Companies: please just use samples from the phone.
No, manufacturers still haven’t stopped using DSLR photos to fake phone camera shots. Photographer Dunja Djudjic has discovered that Samsung Malaysia bought one of her DSLR self-portraits through Getty and used a heavily edited version of it to advertise the portrait mode on the Galaxy A8 Star. The image use is thankfully legal, but Samsung’s marketing implies this is a real photo from the phone — and it doesn’t even reflect the original photo.
The kicker? This not only isn’t the first deceptive use of DSLR photos this year, this isn’t the first from Samsung this year. In addition to the Huawei incident, Samsung Brazil was caught passing off two stock photos as Galaxy A8 selfies, going so far as to add watermarks implying that it owned the pictures.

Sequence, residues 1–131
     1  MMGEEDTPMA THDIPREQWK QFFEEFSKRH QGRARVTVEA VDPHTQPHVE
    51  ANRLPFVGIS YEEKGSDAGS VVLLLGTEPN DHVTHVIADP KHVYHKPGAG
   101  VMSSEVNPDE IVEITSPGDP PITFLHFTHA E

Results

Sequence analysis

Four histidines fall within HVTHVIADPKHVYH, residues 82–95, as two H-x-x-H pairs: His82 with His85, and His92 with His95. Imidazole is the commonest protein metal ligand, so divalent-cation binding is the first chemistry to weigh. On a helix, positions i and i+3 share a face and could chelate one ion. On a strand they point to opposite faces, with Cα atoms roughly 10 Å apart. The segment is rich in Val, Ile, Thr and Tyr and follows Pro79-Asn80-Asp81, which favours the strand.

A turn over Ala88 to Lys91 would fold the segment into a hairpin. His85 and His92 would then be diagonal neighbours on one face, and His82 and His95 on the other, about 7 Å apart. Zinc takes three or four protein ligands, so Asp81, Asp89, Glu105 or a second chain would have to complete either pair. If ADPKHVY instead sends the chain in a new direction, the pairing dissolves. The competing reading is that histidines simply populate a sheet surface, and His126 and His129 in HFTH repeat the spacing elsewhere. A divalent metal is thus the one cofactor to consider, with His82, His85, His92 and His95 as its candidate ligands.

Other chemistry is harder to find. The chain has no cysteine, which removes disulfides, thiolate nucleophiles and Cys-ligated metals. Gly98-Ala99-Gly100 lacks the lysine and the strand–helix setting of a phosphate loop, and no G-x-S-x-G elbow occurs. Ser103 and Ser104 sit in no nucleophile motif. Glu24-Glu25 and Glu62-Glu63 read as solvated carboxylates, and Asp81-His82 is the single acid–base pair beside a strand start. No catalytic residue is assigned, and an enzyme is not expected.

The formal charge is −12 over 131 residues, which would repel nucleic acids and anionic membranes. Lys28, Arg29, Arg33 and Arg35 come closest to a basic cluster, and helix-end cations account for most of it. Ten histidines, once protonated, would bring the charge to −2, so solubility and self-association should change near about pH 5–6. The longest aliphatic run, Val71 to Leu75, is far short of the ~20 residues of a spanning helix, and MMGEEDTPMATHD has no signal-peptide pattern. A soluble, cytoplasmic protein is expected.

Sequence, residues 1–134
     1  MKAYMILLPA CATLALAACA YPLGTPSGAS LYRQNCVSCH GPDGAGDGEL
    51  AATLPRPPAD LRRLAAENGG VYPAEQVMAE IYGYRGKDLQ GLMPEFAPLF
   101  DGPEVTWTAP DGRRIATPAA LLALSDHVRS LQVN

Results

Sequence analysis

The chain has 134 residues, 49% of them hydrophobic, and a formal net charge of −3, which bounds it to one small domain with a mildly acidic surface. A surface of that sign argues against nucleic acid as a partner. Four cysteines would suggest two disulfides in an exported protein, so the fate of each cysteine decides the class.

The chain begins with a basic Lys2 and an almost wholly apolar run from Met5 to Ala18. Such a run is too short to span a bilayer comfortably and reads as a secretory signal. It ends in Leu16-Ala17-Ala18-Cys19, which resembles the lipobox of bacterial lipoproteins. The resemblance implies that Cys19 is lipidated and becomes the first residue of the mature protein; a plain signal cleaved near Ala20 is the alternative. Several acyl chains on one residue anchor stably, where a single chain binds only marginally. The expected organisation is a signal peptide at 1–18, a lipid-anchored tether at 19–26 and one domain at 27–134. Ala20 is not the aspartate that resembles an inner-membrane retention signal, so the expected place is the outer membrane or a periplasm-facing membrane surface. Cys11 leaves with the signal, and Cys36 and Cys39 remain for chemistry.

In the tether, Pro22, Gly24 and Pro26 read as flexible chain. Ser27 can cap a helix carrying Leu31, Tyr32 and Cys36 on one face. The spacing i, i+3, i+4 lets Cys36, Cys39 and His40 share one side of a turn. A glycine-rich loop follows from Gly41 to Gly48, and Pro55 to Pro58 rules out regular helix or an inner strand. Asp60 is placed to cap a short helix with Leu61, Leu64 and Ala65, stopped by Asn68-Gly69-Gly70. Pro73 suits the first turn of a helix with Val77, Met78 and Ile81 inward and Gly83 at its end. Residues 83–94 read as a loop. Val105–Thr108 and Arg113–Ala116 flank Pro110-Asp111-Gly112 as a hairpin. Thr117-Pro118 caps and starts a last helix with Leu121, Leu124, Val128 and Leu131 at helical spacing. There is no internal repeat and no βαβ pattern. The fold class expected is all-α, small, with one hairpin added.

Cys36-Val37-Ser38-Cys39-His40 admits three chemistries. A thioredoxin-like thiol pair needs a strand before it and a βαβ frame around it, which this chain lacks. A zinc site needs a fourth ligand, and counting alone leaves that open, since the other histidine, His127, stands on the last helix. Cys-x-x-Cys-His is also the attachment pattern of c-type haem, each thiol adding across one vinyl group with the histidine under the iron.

We’ve asked Samsung for comment.
While the company isn’t the only notable offender, it highlights a mounting problem for shoppers. Now that many phones include portrait modes, the gap between their pictures and those from a DSLR have narrowed considerably. That gap still exists, though, and customers might not realize that a phone (especially a mid-tier model like the A8 Star) can’t perform as well as Samsung claims. Ideally, phone makers would always use samples from the device itself and eliminate any doubt.